Charlie is a tramp on the road. A hobo manages to exchange Charlie's sandwich for a brick so Charlie must eat grass. The same hobo molests a farmer's daughter; Charlie comes to aid with the help of the brick. When two more hobos show up Charlie throws all three into a lake. The grateful girl takes Charlie home where he fails as a farmhand. He again helps drive off the hobos (who are now trying to break into the house). The girl's fiance arrives. Though a hero, Charlie, knowing he must go, writes a farewell note and leaves for the open road.Written by
Ed Stephan <firstname.lastname@example.org>
Restoration work was carried out at Lobster Films laboratory in 2014. Scanned at L'Immagine Ritrovata laboratory.
The Tramp (1915) has been restored by Fondazione Cineteca di Bologne and Lobster Films in collaboration with Film Preservation Associates, from a nitrate dupe negative preserved at the Danish Film Institute.
Some fragments were added from a safety fine grain in the Blackhawk Collection preserved at the Academy of Motion Picture Arts and Sciences.
Intertitles have been reconstructed from an incomplete original nitrate print and a Kodascope Libraries print of 1920s. See more »
Near the end of the movie, the note that "The Tramp" writes is shown twice. The two notes shown are in completely different handwriting and the word "good bye" is spelled differently. See more »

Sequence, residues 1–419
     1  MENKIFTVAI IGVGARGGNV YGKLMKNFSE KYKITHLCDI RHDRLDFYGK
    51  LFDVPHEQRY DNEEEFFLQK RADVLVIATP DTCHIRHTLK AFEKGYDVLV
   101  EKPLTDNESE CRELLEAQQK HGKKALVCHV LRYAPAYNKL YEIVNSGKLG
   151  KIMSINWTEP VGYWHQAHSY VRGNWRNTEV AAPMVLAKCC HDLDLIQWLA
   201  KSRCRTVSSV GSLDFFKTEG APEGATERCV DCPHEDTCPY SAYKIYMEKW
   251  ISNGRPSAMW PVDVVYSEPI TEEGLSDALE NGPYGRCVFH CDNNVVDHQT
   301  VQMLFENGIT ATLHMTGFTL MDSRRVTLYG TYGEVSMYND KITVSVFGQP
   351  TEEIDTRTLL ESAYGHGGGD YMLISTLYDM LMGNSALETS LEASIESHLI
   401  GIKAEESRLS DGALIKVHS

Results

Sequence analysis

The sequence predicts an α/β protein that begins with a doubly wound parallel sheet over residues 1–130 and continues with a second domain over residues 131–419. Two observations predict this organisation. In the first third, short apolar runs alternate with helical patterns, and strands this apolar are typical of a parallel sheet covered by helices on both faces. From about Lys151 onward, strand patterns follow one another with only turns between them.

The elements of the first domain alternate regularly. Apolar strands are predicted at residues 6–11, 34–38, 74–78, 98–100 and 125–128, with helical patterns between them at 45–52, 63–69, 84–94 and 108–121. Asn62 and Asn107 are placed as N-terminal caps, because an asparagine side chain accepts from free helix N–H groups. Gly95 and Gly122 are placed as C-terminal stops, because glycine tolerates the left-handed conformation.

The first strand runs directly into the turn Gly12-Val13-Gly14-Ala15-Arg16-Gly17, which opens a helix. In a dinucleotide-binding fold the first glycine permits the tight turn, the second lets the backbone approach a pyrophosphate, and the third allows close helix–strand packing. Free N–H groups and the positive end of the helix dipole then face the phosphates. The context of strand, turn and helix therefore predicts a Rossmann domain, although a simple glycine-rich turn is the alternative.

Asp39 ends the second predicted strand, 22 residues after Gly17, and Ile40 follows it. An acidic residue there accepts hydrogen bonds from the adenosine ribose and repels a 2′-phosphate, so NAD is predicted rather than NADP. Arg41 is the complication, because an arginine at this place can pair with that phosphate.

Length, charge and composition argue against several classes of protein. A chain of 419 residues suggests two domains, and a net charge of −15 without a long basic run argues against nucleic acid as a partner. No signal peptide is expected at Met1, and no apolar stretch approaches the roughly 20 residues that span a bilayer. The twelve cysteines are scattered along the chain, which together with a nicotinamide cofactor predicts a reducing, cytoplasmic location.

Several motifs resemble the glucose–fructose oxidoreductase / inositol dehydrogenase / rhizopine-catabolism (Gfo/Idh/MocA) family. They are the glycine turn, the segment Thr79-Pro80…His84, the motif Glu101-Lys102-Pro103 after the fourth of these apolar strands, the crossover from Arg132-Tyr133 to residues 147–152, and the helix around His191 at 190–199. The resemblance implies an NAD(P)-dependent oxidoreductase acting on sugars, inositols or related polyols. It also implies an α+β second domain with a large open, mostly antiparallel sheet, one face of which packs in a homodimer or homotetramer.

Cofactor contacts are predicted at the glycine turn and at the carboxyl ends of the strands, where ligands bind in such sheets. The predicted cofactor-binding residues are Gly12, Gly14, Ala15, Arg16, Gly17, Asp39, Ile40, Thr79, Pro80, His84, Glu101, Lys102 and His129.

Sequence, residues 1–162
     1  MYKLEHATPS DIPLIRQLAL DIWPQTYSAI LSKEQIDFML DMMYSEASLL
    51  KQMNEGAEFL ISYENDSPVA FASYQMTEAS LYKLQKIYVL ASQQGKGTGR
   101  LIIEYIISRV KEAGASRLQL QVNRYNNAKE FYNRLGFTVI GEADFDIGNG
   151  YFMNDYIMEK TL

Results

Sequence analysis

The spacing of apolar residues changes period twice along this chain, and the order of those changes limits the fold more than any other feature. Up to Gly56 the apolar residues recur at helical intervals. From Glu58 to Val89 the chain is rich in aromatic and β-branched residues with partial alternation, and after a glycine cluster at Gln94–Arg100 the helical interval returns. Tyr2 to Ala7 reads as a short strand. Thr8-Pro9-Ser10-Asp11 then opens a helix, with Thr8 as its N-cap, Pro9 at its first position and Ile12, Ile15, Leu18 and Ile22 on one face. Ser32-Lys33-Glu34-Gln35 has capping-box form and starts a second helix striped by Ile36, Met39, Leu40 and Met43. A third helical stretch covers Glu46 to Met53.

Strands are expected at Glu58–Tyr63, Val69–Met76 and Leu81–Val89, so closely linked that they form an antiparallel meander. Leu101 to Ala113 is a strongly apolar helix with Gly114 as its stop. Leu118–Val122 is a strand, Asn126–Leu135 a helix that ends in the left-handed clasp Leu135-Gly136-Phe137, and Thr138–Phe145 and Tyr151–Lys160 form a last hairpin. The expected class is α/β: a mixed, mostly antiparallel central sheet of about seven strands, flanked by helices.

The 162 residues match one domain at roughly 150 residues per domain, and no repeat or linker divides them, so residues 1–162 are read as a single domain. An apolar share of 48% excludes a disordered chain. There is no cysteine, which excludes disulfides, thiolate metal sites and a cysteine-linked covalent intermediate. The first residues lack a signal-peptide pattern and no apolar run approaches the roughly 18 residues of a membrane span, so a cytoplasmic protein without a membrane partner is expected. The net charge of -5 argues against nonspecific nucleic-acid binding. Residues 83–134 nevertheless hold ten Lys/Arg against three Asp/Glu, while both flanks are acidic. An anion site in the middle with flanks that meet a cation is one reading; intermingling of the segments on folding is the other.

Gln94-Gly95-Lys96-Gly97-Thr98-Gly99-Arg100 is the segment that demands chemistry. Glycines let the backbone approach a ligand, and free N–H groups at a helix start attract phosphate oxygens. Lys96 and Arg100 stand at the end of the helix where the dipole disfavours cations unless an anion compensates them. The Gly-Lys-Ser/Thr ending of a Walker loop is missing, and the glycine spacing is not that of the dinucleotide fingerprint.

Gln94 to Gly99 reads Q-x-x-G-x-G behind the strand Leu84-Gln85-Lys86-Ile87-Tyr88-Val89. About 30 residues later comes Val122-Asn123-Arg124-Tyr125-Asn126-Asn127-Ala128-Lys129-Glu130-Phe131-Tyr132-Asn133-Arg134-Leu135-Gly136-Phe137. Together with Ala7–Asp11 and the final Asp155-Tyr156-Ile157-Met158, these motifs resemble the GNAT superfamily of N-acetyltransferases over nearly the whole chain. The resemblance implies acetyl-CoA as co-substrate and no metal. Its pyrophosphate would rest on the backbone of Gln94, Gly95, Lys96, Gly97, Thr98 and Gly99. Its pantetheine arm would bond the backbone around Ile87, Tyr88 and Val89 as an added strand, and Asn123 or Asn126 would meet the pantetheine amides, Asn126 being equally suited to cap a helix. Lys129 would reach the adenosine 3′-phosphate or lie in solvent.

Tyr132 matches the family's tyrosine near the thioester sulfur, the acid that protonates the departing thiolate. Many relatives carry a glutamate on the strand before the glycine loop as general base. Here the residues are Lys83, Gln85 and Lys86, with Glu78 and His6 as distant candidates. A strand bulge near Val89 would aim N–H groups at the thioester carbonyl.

This film is pretty typical of the earlier incarnation of The Little Tramp character. Charlie is a hobo and is drawn to helping a lady who is being harassed by bad hobos intent on stealing her money. At first, Charlie is somewhat inclined to do the same thing (something the earlier Tramp shorts might have had Charlie doing and something the later version never would have even thought of doing). But very quickly he realizes this is wrong and devotes much of the movie helping her. The Tramp thinks that the girl is in love with him so he sticks around even after the evil hobos have departed. However, eventually he discovers she actually has a boyfriend and so he excuses himself from her life--leaving a note to that effect. In effect, this script is an early version of Chaplin's full-length film, THE CIRCUS--where Charlie again is in love with a young lady who he helps from danger but he eventually walks away when he realizes she loves another. Nice stuff and a good introduction to this character.
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